Potential Drawbacks & Poor Rankings
The downside of choosing to enter a “best workplace” contest is that it can represent a significant time investment. The larger your organization, the more total hours will be taken away from other tasks for employees to participate in the survey. If you’ve recently done other surveys, workers may be tired of taking them and respond poorly.
If your organization doesn’t rank well, that’s not the end of the world. You might find that changes are needed in your benefits communication, management methodology, or other areas. The survey results just shine a spotlight on the factors that may be affecting how employees perceive your workplace.
How Can Emerald Software Group Help?
Since corporate culture is a heavily weighted factor in how well workplaces are ranked by employees, a strong acculturation onboarding program could make a big difference. Our Acculturation Portal can support you in improving the new hire experience.
Workplace data privacy compliance is a big issue in HR right now. Chuck’s been talking a lot about this topic at his blog. Now, Workforce.com has published an article about another aspect of privacy in an age where transparency is increasing every day. Social media background checks are becoming more and more common. This isn’t usually a formal process – most hiring managers just Google a job candidate and do some poking around. Unfortunately, this can be a risky activity. The fact that there are no real controls on this process or standardized documentation of how the information was collected and used is part of the problem.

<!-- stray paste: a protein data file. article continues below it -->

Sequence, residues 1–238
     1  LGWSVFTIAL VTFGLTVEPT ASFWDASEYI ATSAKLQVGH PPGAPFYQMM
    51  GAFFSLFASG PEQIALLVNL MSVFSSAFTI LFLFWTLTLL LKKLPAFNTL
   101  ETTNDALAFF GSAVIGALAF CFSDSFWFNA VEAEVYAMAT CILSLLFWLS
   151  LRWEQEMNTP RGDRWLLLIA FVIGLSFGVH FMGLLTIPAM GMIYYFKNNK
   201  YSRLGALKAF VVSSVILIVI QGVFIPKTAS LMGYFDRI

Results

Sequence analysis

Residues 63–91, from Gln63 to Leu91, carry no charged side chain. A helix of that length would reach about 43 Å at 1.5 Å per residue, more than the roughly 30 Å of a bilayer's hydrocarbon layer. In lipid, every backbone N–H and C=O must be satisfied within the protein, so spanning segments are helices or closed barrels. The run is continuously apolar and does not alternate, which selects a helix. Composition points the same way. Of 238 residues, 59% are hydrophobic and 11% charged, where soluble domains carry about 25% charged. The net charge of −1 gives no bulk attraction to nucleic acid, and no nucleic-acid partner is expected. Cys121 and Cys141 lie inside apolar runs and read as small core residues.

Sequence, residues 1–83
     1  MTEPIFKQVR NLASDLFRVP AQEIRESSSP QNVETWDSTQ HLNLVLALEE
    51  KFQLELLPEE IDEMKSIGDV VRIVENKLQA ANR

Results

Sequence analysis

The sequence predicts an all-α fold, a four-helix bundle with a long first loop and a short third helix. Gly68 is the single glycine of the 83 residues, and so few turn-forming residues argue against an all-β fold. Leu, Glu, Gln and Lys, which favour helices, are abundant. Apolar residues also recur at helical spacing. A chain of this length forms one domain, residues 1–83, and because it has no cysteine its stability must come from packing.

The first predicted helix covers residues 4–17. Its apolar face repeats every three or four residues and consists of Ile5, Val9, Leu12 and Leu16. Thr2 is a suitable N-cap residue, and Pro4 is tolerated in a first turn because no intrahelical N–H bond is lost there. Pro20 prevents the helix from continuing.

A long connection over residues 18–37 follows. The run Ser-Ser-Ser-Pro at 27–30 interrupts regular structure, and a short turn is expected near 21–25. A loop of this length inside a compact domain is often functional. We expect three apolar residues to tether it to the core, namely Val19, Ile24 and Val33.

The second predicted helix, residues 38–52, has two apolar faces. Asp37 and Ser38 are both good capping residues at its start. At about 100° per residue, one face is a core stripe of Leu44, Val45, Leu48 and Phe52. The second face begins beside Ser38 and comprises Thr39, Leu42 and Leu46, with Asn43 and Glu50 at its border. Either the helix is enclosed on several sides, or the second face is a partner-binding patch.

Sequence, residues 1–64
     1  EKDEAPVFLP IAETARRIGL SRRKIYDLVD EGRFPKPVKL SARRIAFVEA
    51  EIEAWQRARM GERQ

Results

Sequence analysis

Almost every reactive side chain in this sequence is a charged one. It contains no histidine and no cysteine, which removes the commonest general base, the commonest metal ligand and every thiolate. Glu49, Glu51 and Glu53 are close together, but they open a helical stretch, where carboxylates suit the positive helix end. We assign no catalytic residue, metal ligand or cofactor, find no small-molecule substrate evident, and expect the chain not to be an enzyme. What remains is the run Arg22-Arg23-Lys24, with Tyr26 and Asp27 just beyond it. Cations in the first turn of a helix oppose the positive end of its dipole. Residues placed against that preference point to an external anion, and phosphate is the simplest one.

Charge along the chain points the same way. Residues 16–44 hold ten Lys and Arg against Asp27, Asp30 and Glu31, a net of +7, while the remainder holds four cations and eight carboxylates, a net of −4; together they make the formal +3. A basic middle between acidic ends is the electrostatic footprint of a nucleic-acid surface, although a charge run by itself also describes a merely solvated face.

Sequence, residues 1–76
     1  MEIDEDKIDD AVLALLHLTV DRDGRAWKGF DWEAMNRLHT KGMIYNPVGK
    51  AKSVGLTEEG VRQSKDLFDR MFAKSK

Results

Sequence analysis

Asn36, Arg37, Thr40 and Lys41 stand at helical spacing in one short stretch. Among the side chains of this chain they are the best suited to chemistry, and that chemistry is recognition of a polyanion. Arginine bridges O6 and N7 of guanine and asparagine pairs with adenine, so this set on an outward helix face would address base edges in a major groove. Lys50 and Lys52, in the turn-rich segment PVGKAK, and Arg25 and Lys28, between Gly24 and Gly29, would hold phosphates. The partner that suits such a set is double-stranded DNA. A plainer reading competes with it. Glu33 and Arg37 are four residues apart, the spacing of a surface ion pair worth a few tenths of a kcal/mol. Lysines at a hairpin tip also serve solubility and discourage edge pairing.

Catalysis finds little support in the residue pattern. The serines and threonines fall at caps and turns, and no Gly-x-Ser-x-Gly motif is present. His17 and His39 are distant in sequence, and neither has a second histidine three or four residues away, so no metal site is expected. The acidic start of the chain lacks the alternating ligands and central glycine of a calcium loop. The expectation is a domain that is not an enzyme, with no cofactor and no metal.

Experts Are Standing By to Help
Of course, where there’s a liability issue in HR, there are always lawyers and insurance companies on hand to offer assistance and advice. If your HR department is performing social media screening of job candidates (or existing employees), it’s actually not a bad idea to run this by an HR legal expert to make sure you aren’t crossing any lines. Then, double-check with your liability insurance partner to ensure you’re covered if someone brings a discrimination claim.
What Are the Dangers?
Why is carrying out an internet search potentially problematic? The main reason is that it gives HR access to information that they can’t ask for in an interview. You could find out a person’s age, whether a woman is planning to have a child, religious affiliation, sexual orientation, and much more. You might not be looking for that information. But once you have it, there’s no way to prove it didn’t affect your decision about whether to hire a job candidate. Read Joanne Wojcik’s full article to find out what advice legal counsel has for employers who want to use in-house internet searches anyway.
One potential way to use social media background checks with less liability is to hire a third party to do this for you. They can sift out any information that might be viewed as discriminatory and just present relevant data to you for decision making purposes. With our Universal Onboarding module, you can make this type of screening part of the hiring process by automatically sending new hire data to your vendor. That way, you are putting everyone through the same degree of screening and you have documentation of the results.